Out of the Storm News
LUS Fiber, the municipal broadband system in Lafayette, La., last month received another warning from city auditors, an advisory that appears to have become an annual thing.
Although losses were anticipated during the initial five years of offering retail services to customers, management should carefully monitor the financial results of operations of the communications system. The projections calculated by operating and finance management should be compared to actual results on a regular basis and appropriate measures should be taken to minimize any significant negative variances. Additionally, management should continue to enhance its market strategy in order to increase its revenue base.
Lafayette’s auditors voiced similar concerns in their reports the last two years. In 2012, they punctuated it with a calculation that the $140-million system was costing the city $45,000 a day.
Now, after six years of operation, prospects aren’t much better. The city’s financial reports, provided by a source in Lafayette, show that for the fiscal year ended Oct. 31, 2013, LUS Fiber reported $23 million in operating revenues, compared to $36.7 million that was forecast in its feasibility study. The system incurred a $2.5 million operating loss for the year. According to the original plan, this was to be the point where the operation swung to a profit of $902,000.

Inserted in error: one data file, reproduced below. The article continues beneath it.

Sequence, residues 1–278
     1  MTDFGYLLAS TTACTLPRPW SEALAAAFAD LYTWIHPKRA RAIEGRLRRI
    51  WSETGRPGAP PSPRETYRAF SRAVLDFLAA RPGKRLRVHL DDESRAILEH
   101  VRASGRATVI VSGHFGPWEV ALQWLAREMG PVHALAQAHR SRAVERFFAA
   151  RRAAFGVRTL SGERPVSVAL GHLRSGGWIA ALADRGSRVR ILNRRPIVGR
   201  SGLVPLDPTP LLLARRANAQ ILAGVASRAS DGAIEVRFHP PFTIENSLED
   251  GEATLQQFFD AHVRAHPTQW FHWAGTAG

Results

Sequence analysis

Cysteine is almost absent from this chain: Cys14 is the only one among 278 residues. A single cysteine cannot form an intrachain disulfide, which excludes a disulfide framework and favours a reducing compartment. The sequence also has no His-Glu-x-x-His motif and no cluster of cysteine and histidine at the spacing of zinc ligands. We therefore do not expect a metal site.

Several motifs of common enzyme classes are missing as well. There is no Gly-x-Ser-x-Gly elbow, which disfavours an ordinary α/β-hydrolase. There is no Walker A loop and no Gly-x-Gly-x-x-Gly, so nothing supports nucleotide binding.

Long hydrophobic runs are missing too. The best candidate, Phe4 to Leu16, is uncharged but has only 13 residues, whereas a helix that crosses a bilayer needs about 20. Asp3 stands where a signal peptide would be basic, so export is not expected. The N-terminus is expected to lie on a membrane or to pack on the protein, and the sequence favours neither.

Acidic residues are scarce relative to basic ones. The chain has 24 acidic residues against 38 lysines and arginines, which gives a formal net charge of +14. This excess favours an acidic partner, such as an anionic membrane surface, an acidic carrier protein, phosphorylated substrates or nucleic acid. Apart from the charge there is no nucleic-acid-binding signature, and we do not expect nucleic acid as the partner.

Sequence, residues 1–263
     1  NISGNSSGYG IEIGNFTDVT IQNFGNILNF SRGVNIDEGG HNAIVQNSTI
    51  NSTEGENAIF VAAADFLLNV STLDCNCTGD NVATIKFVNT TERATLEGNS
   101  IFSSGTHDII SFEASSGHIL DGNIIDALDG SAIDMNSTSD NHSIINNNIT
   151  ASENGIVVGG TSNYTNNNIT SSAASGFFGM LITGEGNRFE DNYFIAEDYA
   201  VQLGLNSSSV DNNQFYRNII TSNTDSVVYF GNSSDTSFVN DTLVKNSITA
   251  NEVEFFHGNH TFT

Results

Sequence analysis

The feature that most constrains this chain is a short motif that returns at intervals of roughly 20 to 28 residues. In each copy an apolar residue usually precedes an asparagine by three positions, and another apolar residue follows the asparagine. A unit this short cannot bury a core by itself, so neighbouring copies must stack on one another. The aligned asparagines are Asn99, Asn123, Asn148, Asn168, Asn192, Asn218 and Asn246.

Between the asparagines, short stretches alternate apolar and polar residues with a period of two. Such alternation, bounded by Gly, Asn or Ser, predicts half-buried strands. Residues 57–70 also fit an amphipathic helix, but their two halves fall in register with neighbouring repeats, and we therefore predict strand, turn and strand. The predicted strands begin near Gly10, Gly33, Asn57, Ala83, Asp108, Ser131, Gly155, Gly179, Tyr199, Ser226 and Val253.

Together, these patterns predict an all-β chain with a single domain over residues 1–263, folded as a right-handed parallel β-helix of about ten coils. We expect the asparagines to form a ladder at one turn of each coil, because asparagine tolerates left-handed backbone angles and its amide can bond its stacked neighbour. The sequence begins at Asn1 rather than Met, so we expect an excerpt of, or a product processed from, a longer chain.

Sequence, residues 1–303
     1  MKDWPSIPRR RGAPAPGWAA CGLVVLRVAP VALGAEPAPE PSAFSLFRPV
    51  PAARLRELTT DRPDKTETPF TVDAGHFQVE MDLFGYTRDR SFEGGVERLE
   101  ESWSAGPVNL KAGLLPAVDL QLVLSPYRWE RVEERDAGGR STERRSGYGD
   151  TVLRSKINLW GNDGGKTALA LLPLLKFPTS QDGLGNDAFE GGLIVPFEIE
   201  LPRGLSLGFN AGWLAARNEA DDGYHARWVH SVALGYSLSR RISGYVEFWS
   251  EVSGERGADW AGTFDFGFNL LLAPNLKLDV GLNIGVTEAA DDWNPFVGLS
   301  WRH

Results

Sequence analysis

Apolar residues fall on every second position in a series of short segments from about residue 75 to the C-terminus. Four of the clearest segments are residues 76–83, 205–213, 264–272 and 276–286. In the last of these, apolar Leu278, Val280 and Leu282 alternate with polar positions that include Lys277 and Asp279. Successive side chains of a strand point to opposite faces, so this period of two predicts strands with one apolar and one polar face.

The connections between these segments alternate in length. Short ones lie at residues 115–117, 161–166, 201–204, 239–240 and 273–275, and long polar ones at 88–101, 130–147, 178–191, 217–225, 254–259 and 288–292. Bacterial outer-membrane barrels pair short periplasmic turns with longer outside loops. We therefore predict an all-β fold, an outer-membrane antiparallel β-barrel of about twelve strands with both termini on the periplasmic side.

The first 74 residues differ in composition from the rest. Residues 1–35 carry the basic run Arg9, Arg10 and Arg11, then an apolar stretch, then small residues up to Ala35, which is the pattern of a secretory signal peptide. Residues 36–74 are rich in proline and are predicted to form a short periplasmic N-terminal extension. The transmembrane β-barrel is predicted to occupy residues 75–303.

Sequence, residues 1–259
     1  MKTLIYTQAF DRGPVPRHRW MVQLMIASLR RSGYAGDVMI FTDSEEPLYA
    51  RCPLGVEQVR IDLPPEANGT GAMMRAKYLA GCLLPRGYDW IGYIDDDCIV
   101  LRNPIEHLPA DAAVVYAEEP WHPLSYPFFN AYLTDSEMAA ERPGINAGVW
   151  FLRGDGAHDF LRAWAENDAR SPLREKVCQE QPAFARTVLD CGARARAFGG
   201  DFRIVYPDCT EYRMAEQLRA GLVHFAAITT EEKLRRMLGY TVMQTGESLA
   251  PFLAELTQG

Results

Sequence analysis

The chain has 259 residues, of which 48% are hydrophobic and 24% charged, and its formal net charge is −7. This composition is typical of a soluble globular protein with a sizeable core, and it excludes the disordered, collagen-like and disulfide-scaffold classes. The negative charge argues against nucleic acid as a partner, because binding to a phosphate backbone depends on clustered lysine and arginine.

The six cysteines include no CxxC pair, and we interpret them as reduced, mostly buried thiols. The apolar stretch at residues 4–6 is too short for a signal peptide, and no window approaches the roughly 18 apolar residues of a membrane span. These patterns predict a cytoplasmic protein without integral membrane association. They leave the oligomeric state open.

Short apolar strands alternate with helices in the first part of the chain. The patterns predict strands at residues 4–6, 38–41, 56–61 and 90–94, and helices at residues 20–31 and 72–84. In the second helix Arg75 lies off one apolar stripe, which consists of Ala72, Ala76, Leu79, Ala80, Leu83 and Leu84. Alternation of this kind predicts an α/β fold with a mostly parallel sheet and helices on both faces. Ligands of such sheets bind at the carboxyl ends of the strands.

The most staggering number, however, is LUS Fiber’s deficit, which stood at $47 million at the end of October, up from $37.1 million the year before.
LUS officials have been trying to put a smiling face on this by noting that the operation is cash-flow positive, which simply means that LUS Fiber is taking in more than it’s spending on a day-to-day basis, but does not factor in its enormous long-term debt liability. They’ve also tried some sales gimmicks, like doubling the amount of bandwidth capacity for an additional $5 a month. This deal goes for everyone except low-income customers, for whom provision of quality high-speed service was a major justification for LUS Fiber’s creation. They remain stuck with a 3 Mb/s connection, about a quarter to a fifth of the speed you now get from cable.